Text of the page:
Linaro Linux-on-ARM effort sets sights on network gear
PowerPC, x86, and MIPS can run, but they can't hide
The non-profit Linaro software engineering effort , established two summers ago to whip the Linux kernel and add-ons to create the Linux platform for mobile devices, is setting its sights on myriad networking devices.
The proliferation of and tinkering with ARM processor designs is what makes for powerful technology, just like Linux itself. But the diversity of the ARM chip ecosystem makes creating an operating system that spans them all a big pain in the ass – much tougher than for a relatively homogeneous x86 chip racket.
And thus Linaro was created in June 2010 by ARM Holdings, Freescale Semiconductor, Samsung, ST-Ericsson, Texas Instruments, and believe it or not IBM, which doesn't have very much skin in the ARM game and is likely just hedging its bets.
Last November, social network and bespoke server maker Facebook joined the Linaro effort and helped start an enterprise group aimed at ARM server implementations and specifically charged with working on low-level booting and kernel software for 32-bit and 64-bit variants of Linux.
Server maker Hewlett-Packard and ARM server chip upstarts Calxeda and Advanced Micro Devices are in the Linaro enterprise group, and so is Samsung, which has yet to declare its intentions in the server racket but which everyone believes will jump in before 2014 when this nascent market really gets rolling with 64-bit chips.
The thing to remember is that Linaro is not creating an ARM Linux distribution, but is rather the means through which work is done so others can do better Linux distributions for ARM.
In this way, Linaro sort of resembles ARM Holdings, the company that designs the basic ARM feature set and licenses it for modification and integration into myriad devices. ARM is the starting point of ARM processor and system-on-chip designs, and Linaro wants to be the focal point of where all of the key parts of the Linux kernel and related stack are tweaked and tuned to run across ARM architectures.
The difference is that ARM charges money to license its chip technology and Linaro just pays to have programmers work on open source code that is given back to the community.
With the establishment of a networking group at Linaro, the engineering organization has a number of goals, explains Dave Rusling, CTO at Linaro, to El Reg. "All of the real-time extensions don't get put into the kernel for ARM, and they drift and get scuzzy," Rusling explains.
Patch sets for IPv6 networking and real-time are scattered around, with people doing bits and pieces of this work here and there, and all of this software needs to be brought to bear if ARM is to be a contender for networking devices. "We want to consolidate all this and clean it up," he said.
But the Linaro networking group also wants to do some shiny new development, too, that will give the ARM architecture some benefits when used to power networking devices and to leverage its architectural strengths.
This includes adding virtualization support to Linux-on-ARM with specific consideration for performance for real-time applications (like network operating systems and their adjunct software modules), I/O optimization, and supporting multiple and incompatible operating systems.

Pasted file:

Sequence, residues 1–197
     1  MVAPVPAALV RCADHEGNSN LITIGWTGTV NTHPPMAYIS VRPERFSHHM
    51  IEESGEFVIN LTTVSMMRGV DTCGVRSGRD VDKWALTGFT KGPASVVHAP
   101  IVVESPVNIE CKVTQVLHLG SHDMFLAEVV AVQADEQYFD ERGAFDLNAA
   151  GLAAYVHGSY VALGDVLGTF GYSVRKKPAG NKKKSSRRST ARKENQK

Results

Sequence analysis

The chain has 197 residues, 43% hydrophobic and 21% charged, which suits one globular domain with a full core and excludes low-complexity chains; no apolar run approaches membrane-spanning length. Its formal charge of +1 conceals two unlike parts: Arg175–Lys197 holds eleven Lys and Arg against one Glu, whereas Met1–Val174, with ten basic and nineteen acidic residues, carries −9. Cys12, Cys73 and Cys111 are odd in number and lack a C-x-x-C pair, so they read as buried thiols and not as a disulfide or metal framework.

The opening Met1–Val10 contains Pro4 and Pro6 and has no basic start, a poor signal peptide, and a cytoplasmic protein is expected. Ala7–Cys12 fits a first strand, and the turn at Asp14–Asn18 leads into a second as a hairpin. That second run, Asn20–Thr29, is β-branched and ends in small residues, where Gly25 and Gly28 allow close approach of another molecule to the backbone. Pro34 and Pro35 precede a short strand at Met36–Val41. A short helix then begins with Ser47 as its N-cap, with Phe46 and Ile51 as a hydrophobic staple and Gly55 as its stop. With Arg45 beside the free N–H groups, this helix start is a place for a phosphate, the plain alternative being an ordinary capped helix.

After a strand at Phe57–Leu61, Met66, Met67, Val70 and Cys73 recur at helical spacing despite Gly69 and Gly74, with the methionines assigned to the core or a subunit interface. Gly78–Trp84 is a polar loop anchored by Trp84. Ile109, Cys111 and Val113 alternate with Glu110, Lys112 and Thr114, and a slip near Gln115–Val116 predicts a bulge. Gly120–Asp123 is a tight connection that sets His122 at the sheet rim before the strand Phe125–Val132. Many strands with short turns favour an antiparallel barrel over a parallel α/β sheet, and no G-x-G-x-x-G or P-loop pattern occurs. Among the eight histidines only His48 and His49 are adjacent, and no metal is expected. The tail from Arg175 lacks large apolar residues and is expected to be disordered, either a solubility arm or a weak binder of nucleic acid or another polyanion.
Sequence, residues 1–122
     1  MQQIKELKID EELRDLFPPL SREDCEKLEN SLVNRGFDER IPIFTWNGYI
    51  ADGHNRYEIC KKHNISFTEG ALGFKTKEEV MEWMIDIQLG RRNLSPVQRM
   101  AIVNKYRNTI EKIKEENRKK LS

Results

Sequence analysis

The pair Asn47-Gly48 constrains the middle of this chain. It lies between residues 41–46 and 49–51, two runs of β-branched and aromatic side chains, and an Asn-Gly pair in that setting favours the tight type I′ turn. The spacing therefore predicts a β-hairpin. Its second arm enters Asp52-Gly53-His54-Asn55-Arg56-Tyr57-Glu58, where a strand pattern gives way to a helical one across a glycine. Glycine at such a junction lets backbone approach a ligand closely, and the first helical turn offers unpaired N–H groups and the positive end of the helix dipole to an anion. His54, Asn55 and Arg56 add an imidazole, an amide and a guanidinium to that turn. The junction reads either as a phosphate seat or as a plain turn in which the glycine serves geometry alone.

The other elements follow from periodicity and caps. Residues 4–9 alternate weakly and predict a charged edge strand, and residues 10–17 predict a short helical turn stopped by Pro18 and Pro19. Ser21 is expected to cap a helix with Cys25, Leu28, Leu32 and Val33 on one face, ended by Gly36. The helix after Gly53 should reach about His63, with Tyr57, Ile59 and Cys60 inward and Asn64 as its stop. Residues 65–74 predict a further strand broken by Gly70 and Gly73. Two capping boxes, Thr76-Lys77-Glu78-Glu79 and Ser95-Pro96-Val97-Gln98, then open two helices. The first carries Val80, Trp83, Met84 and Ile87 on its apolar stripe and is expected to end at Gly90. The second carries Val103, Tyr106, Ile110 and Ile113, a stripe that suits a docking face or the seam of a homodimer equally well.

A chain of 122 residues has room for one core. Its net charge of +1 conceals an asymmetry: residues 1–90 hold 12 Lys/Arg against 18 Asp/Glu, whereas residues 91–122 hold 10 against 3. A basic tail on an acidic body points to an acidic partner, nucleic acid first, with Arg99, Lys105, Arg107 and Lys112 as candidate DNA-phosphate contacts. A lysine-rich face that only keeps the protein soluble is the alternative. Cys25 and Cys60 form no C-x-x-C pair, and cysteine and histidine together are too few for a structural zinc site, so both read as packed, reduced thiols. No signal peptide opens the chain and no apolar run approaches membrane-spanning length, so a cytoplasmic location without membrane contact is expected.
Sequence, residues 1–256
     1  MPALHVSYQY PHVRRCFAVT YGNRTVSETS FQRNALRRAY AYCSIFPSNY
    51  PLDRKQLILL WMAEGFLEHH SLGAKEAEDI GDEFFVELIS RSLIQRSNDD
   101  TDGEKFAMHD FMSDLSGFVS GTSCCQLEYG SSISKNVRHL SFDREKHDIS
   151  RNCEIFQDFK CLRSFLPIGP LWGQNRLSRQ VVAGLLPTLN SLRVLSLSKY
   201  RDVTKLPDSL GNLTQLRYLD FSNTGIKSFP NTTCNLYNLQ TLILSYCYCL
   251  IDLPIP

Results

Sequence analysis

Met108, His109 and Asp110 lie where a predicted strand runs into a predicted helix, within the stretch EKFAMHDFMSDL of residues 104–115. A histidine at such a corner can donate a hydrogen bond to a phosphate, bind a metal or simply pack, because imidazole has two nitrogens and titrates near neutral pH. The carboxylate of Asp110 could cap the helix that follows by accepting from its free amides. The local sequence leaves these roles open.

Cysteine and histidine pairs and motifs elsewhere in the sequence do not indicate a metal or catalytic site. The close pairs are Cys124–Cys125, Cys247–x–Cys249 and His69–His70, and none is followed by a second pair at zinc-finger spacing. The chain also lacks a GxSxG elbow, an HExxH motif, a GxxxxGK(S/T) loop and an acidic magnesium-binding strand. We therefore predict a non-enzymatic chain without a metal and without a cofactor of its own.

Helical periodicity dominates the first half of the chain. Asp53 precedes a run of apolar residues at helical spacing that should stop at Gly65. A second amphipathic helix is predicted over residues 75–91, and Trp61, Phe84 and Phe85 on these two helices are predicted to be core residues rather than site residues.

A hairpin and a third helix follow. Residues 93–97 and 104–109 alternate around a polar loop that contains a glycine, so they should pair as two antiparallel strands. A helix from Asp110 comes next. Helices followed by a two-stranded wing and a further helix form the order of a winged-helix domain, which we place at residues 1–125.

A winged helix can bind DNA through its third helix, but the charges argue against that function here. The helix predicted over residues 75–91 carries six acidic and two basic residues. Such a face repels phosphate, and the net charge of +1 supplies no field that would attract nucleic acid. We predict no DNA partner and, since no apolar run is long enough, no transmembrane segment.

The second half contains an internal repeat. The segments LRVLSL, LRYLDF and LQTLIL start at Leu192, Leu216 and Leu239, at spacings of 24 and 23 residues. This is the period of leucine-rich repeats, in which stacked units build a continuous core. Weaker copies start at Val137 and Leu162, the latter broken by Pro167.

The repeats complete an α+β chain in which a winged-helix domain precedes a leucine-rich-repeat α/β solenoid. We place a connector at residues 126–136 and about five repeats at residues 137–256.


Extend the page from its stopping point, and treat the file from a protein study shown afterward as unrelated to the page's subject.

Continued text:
Optimizing real-time Linux extensions for both the control and data plane in network devices, tweaking the way packets are processed by Linux on ARM to get the throughput higher and the latency lower, and coping with the big-and-little endian issues that are common in network devices.
One big issue that the Linaro networking group will be tackling at the get-go is throughput in the data plane of the network stack. In some cases, Linux runs the data plane of a network device in the user space and there is often a lot of stress in the interaction with the Linux kernel, Rusling says.
In other cases, network device makers with real-time Linuxes running on network devices put the data plane in the kernel and then they have scalability issues. Exactly how this issue will be solved is not clear, but the point is, Linaro will be working on it and eventually some sort of solution will be made available to those, like MontaVista (now owned by network chip maker Cavium), Wind River (now owned by Intel), and Enea Group (which hasn't been snapped up by anyone – yet), that package up real-time Linuxes that are used in network devices.
"The way Linaro works is that you get a nice mix of software companies, ODMs, and OEMs together, and you get a lot of different points of view as well as some pushing and pulling," says Rusling. "We try to spend money on the engineering and not get in the way too much."
The Linaro networking group includes ARM Holdings, real-time Linux makers MontaVista and Enea, embedded PowerPC and ARM wannabe chipper Freescale Semiconductor, ARM server chip upstart Applied Micro Circuits (which has also just joined the enterprise group), network gear maker Nokia Siemens Networks, and chip makers Texas Instruments and LSI Logic.
There are a total of 11 members of this networking group, and a bunch of them are not ready to make their membership known yet and a few more are expected to be added soon. The idea of starting up a networking group was kicking around in early November and started up a few weeks later.
The enterprise group at Linaro has grown to 18 engineers, and across all of Linaro there are a total of 140 engineers hacking away at Linux code for ARM. Generally speaking, there are one or two engineers per member company in Linaro, and Rusling expects the networking group to grow to around 30 engineers or so. ®
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